On average, bald eagle nests are 2-4 feet deep and 4-5 feet wide. But one pair of eagles near St. Petersburg, Florida, earned the Guinness World Record for largest bird’s nest: 20 feet deep and 9.5 feet wide. The nest weighed over two tons.

7. FEMALES ARE LARGER THAN MALES.

Two bald eagles in their large nest.
iStock

In many animal species, males are (on average) larger than females. Male gorillas, for example, dwarf their female counterparts. But for most birds of prey, it's the opposite. Male bald eagles weight about 25 percent less than females.

Scientists aren't sure why there's such a size difference. One reason might be the way they divide up their nesting duties. Females take the lead in arranging the nesting material, so being bigger might help them take charge. Also, they spend longer incubating the eggs than males, so their size could intimidate would-be egg thieves.

If you're trying to tell male and female eagles apart, this size difference may help you—especially since both sexes have the same plumage patterns.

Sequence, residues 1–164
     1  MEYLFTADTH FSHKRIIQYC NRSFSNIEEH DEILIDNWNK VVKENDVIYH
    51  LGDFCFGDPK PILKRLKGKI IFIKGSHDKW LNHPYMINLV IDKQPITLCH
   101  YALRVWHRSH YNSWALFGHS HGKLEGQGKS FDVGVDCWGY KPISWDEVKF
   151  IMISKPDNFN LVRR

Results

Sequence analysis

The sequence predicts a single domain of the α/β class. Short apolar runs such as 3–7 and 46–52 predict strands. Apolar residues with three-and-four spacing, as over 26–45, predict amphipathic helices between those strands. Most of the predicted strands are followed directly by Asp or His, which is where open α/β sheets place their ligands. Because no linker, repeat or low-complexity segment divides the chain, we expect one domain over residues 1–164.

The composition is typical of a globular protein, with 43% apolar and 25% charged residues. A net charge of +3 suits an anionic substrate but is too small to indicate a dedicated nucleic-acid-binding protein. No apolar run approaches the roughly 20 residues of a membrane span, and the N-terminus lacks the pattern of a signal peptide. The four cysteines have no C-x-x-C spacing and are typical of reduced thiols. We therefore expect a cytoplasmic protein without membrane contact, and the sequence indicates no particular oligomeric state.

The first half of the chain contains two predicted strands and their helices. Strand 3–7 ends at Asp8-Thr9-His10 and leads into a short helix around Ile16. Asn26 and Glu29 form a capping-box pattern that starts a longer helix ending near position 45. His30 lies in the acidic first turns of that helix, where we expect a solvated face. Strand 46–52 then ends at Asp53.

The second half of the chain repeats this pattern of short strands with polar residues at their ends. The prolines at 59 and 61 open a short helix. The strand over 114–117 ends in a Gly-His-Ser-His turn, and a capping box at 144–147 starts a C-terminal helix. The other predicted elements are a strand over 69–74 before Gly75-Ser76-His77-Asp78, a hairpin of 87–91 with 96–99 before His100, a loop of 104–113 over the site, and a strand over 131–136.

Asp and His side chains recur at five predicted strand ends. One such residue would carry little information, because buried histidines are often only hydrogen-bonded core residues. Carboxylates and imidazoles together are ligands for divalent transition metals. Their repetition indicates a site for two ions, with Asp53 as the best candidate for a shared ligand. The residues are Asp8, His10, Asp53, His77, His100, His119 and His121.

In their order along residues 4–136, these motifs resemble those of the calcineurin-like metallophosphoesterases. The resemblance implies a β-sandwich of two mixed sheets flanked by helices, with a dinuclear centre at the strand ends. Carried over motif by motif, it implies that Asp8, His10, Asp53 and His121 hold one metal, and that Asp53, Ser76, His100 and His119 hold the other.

8. TO IDENTIFY THEM, LOOK AT THE WINGS.

A bald eagle flies across the water.
iStock

People often get excited about a big soaring bird and yell "It's an eagle!” just before it swoops closer and … oops, it's a vulture. Here's a handy identification tip. Bald eagles usually soar with their wings almost flat. On the other hand, the turkey vulture—another dark, soaring bird—holds its wings up in a shallow V shape called a dihedral. A lot of large hawks also soar with slightly raised wings.

9. THEY'RE COMEBACK KIDS.

Baby eagle chicks in a nest.
iStock

Before European settlers arrived, bald eagles were abundant across the U.S. But with settlement came habitat destruction, and the settlers viewed the eagles as competition for game and as a threat to livestock. So many eagles were killed that in 1940 Congress passed an act to protect the birds.